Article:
« PreviousContinue »
ing up to the verandah. The girl had abandoned Heyst's arm.
"This is the house," he repeated.
She did not offer to budge away from his side, but stood staring fixedly at the steps, as if they had been something unique and impracticable. He waited a little, but she did not move.
"Don't you want to go in?" he said, without turning his head to look at her. "The sun's too heavy to stand about here." He tried to overcome a sort of fear, a sort of impatient faintness, and his voice sounded rough. "You had better go in," he concluded.
They both moved then, but at the foot of the stairs Heyst stopped, while the girl went on rapidly, as if nothing could stop her now. She crossed the verandah swiftly, and entered the twilight of the big central room opening upon it, and then the deeper twilight of the room beyond. She stood still in the dusk, in which her dazzled eyes could scarcely make out the forms of objects, and sighed a sigh of relief. The impression of the sunlight, of sea and sky, remained with her like a memory of a painful trial gone through—done with at last!
Meanwhile Heyst had walked back slowly towards the jetty; but he did not get so far as that. The practical and automatic Wang had got hold of one of the little trucks that had been used for running baskets of coal alongside ships. He appeared pushing it before him, loaded lightly with Heyst's bag and the bundle of the girl's belongings, wrapped in Mrs. Schomberg's shawl. Heyst turned about and walked by the side of the rusty rails on which the truck ran. Opposite the house Wang stopped, lifted the bag to his shoulder, balanced it carefully, and then took the bundle in his hand.
"Leave those things on the table in the big room— understand?"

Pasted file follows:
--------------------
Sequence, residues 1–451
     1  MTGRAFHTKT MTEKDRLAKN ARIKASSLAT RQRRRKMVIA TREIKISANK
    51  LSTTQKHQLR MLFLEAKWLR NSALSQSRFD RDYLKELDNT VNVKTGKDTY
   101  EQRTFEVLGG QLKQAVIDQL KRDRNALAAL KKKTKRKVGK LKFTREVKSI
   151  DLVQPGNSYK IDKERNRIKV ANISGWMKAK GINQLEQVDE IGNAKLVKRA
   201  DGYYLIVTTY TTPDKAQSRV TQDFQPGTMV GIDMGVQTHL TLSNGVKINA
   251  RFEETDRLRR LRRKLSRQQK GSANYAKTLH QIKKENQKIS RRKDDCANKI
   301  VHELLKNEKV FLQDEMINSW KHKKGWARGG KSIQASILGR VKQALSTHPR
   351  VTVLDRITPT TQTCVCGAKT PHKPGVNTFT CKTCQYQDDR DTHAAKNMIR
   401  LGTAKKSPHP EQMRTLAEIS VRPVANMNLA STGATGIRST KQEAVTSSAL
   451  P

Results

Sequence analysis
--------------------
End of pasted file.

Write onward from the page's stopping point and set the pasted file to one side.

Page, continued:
"Me savee," grunted Wang, moving off.
Heyst watched the Chinaman disappear from the verandah. It was not till he had seen Wang come out that he himself entered the twilight of the big room. By that time Wang was out of sight at the back of the house, but by no means out of hearing. The Chinaman could hear the voice of him who, when there were many people there, was generally referred to as "Number One." Wang was not able to understand the words, but the tone interested him.
"Where are you?" cried Number One.
Then Wang heard, much more faint, a voice he had never heard before—a novel impression which he acknowledged by cocking his head slightly to one side.
"I am here—out of the sun."
The new voice sounded remote and uncertain. Wang heard nothing more, though he waited for some time, very still, the top of his shaven poll exactly level with the floor of the back verandah. His face meanwhile preserved an inscrutable immobility. Suddenly he stooped to pick up the lid of a deal candle-box which was lying on the ground by bis foot. Breaking it up with his fingers, he directed his steps towards the cook-shed, where, squatting on his heels, he proceeded to kindle a small fire under a very sooty kettle, possibly to make tea. Wang had some knowledge of the more superficial rites and ceremonies of white men's existence, otherwise so enigmatically remote to his mind, and containing unexpected possibilities of good and evil which had to be watched for with prudence and care.